The Tamale Chief, Naa Dakpema Mohammed Alhassan Dawuni, has condemned the consistent banishing of women accused of witchcraft across the Northern Region.
He has thus instructed all his sub chiefs to ban such inhumane practices in their communities.
“My palace has never maltreated any woman accused of witchcraft and I entreat other chiefs to treat issues of witchcraft accusations and other gender based violence with respect and dignity.”
[contextly_sidebar id=”jJ4Pb0H8UDxlCnJmdGrSyGYcD9vcst8d”]Naa-Dakpema Mohammed Alhassan Dawuni was speaking on the occasion of the International Human Rights Day Celebration in Tamale under the auspices of Songtaba, a Non Governmental Organization.
“It is time for chiefs to lead the call for action that promotes the rule of law and the protection of women and girls: I therefore deem it right to call on other chiefs, zaachies (youth chiefs) to protect their human rights so that they can live a life of dignity.”
The Tamale Chief reaffirmed his commitment to collaborate with Songtaba and the Northern Regional Reintegration Committee of alleged witches to protect the rights of those already ostracized and camped at isolated localities.
Programmes Coordinator of Songtaba, Hajia Lamnatu Adam, said aged women in various parts of the region continued to suffer from all forms of human right abuses.
“Witchcraft accusation and the belief in it has caused especially women and for that matter the aged to suffer dehumanizing human right violations due to the treatment they are given which sometimes include physical, public ridicule and other psychological abuses and that of economical and denial of resources.”
Hajia Lamnatu Adam called for a paradigm shift to completely disband “witches camps” scattered in the Northern Region and reintegrate the inmates.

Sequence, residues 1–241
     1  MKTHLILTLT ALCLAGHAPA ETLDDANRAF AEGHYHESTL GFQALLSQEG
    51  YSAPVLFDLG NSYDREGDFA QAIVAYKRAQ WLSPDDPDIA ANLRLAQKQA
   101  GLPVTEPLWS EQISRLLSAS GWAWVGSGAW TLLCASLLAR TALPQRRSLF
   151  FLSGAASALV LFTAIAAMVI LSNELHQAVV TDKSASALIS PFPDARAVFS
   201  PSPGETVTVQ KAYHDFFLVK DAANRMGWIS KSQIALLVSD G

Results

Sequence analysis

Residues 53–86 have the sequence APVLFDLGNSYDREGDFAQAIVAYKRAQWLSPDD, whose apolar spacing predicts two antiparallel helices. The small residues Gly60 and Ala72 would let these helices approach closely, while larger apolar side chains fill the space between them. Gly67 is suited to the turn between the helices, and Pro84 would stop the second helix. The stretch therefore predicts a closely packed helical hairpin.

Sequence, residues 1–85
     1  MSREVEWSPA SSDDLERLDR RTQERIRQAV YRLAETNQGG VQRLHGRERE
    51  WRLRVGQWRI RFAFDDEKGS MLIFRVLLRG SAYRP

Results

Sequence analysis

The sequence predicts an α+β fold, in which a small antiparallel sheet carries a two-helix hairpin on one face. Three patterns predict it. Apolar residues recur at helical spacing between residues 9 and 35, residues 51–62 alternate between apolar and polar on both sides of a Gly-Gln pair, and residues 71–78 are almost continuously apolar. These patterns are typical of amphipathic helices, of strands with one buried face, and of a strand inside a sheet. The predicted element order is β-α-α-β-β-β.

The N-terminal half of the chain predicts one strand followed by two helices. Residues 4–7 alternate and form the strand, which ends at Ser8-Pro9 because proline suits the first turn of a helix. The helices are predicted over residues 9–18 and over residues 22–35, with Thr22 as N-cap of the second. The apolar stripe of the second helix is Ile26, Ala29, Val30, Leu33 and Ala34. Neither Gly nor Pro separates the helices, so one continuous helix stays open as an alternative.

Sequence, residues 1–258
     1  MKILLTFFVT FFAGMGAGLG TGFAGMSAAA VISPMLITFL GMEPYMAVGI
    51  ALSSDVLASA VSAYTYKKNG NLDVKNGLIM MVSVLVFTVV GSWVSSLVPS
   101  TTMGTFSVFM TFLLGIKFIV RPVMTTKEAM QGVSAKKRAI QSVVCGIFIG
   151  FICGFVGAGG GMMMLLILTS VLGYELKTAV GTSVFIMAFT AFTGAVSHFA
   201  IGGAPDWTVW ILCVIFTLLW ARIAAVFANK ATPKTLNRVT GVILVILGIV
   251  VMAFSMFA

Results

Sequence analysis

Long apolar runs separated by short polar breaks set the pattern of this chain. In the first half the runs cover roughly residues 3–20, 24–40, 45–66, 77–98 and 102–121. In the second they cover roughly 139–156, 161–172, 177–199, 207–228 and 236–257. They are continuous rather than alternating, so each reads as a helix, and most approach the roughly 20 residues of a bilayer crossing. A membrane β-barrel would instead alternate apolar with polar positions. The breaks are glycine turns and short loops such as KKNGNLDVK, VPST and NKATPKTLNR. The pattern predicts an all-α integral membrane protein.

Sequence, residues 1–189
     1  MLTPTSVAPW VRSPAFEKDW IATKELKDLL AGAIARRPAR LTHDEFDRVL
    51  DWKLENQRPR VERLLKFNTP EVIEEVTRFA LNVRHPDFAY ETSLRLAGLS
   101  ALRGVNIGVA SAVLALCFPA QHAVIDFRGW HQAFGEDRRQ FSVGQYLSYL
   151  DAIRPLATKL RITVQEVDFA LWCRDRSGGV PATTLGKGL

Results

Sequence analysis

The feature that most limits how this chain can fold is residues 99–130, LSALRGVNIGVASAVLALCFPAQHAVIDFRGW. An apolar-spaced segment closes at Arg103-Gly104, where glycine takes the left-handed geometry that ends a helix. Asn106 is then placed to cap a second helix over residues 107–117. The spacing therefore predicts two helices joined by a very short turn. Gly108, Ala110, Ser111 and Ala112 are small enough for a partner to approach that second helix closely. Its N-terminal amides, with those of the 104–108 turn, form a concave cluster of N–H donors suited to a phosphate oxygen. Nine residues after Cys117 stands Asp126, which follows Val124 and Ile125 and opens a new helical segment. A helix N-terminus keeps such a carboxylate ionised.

“Although Ghana is a signatory to many international legal agreements and declarations, it is quite embarrassing that we are still keeping women who are barely old and frail to waste their productive years and wisdom far away from home and without any family love and protection.”
“We need to reflect on the consequences that come with witchcraft accusations and accept the possibilities that their reintegration into the communities as well as seeking other options to end the inflow of women into the camps, are the surest ways to ending their human rights violation especially their security and their rights to be treated with humanity and respect.”
She lamented, “A quick sample will reveal that over 90% of these women banished into the camps are beyond 60 years and majority of this number have spent over a decade or two of their productive life in the camps when they could have contributed productively to build our dear region and nation.”
President of the Alleged Witches’ Network, Tachira Muntaru, narrated their ordeal at the various camps and added her voice to incessant calls for their reintegration into society.
According to her, majority of the victims were banished based on unsubstantiated allegations of witchcraft.
She commended the Tamale Chief for his passion for the promotion of women’s’ rights and urged other traditional rulers to emulate his leadership style.
Tachira Muntaru also thanked Songtaba and its allied bodies for alleviating their plight.
Northern Regional Director of the Commission on Human Rights and Administrative Justice, Lawyer Stephen Azantilo, cautioned the citizenry against the violation of women’s rights under the pretext of witchcraft.
He said every Ghanaian citizen deserved the right to live without socio-cultural barriers inhibiting their wellbeing.
Lawyer Azantilo implored chiefs to place premium on human rights advocacy.
By: Abdul Karim Naatogmah/Citifmonline.com/Ghana